More than a thousand Mainers this week received their shots at the Cross Insurance Center in Bangor and the former racetrack Scarborough Downs as part of mass vaccination efforts led by the Northern Light Hospital system and MaineHealth, respectively. At full capacity, each site expects to immunize 2,000 people a day. A third site is under consideration in a York County shopping center and could open as early as this month.
Maine’s seven-day positivity rate — a measure of how much a state is testing and therefore whether its number of confirmed cases is reliable — has come down to around 3 percent after hovering around 6 percent in early January. A positivity rate below 5 percent indicates that a state is testing widely enough.
In light of these better numbers, Gov. Janet Mills lifted the 9 p.m. curfew for businesses beginning Feb. 1. The numbers are encouraging, Mills said, but the pandemic is “far from over.”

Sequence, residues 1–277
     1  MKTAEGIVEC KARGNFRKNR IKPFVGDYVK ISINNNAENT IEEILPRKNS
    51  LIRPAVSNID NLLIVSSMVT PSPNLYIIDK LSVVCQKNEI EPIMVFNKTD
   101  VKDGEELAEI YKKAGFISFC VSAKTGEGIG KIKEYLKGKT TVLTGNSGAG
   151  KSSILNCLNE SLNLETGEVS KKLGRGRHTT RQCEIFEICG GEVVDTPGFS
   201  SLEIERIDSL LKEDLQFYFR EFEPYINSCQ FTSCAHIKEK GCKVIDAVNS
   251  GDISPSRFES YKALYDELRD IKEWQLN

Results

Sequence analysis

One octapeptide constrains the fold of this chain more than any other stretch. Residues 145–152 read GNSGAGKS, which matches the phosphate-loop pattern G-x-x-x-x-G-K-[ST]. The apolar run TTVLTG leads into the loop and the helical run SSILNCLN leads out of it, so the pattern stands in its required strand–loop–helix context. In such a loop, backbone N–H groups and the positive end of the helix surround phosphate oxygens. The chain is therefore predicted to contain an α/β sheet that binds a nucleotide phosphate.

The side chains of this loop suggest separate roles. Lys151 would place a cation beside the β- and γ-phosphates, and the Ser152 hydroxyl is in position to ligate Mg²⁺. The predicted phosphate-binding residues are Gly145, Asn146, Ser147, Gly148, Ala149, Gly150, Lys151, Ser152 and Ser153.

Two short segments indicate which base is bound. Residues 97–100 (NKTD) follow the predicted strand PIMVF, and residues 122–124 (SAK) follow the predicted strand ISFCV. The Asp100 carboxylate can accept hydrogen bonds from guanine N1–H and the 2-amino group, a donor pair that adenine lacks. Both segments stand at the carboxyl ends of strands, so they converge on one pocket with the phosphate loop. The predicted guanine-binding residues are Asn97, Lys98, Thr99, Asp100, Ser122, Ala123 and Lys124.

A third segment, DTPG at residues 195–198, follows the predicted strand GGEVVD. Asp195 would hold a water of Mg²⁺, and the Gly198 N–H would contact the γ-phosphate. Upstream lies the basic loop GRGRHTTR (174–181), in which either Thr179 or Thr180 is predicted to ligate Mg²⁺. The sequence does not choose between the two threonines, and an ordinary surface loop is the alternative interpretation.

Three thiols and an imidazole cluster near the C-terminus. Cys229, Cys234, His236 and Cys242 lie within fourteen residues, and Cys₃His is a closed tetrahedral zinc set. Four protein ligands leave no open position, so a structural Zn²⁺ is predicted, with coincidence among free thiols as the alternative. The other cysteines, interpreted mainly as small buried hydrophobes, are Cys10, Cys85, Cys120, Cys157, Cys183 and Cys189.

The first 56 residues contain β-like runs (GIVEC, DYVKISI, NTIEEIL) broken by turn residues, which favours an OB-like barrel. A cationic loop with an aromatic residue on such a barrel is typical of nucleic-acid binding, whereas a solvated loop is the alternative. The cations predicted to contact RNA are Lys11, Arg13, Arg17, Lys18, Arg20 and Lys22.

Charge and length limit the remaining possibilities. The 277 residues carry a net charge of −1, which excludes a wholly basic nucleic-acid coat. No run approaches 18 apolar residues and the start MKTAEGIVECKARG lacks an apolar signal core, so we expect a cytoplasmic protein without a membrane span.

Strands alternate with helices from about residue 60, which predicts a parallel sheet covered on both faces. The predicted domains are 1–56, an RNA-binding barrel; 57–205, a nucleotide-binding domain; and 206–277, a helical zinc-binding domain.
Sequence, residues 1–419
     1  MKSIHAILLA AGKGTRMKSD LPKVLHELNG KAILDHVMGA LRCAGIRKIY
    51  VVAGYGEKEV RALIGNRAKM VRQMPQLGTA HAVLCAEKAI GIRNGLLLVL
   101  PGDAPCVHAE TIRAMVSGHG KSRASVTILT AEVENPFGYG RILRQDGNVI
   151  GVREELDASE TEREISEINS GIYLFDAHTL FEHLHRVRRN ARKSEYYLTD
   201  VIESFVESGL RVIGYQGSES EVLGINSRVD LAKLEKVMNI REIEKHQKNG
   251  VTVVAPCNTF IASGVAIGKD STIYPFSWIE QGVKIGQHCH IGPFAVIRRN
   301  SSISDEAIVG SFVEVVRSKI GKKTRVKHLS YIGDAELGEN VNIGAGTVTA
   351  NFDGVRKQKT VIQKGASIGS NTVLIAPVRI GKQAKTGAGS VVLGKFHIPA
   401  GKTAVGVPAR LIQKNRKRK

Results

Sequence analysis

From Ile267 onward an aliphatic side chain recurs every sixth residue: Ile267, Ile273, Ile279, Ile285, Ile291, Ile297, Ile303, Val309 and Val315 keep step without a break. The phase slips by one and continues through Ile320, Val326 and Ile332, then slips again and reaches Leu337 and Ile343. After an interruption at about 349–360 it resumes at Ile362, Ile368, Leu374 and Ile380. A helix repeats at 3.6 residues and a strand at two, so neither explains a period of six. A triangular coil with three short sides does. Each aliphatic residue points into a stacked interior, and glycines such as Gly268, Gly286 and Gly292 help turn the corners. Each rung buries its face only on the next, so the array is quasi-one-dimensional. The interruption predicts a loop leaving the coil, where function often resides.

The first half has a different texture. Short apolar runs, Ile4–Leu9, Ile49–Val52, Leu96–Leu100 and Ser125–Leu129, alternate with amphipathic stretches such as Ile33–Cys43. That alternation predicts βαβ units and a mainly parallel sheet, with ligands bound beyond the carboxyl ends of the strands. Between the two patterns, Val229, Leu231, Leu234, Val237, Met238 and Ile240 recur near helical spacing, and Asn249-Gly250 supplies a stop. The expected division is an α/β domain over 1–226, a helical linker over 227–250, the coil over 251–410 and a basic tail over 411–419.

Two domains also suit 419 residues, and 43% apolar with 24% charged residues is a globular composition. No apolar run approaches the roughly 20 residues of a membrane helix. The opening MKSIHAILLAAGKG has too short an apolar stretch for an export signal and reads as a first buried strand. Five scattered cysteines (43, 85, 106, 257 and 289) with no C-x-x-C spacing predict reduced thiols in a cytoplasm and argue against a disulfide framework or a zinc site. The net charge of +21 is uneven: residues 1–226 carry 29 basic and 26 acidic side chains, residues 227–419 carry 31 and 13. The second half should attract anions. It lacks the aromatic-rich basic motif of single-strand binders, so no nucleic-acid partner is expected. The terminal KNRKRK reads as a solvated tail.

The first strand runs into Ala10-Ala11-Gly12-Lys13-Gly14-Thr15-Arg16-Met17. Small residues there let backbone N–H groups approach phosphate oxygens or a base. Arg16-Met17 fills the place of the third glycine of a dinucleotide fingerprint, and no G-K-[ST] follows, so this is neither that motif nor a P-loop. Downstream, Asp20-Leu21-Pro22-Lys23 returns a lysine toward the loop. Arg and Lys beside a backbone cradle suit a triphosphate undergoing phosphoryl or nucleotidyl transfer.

New strains of the COVID-19 virus have been detected in the U.S. but new vaccine studies offer hope. A vaccine from the American biotech company Novavax is 89 percent effective and appears to protect against some variant strains of the virus, the company reported on Jan. 28. And a Johnson & Johnson vaccine is reportedly 66 percent effective. Both have yet to be approved by the U.S. Food and Drug Administration for emergency use authorization.
Nationally, COVID-19 cases dropped 21 percent as people have changed their behavior, according to Kaiser Health News. Health officials told KHN it was too early to see the impact of the vaccine rollout.
“Instead, they said, the factors involved are more likely behavior-driven, with people settling back home after the holidays, or reacting to news of hospital beds running out in places like Los Angeles,” KHN reported. “Others are finding the resolve to wear masks and physically distance with the prospect of a vaccine becoming more immediate.”
MMC nurses face union vote
As nurses at the Maine Medical Center face a vote to unionize in the coming weeks, hospital president Jeff Sanders released a statement Wednesday urging employees to vote no.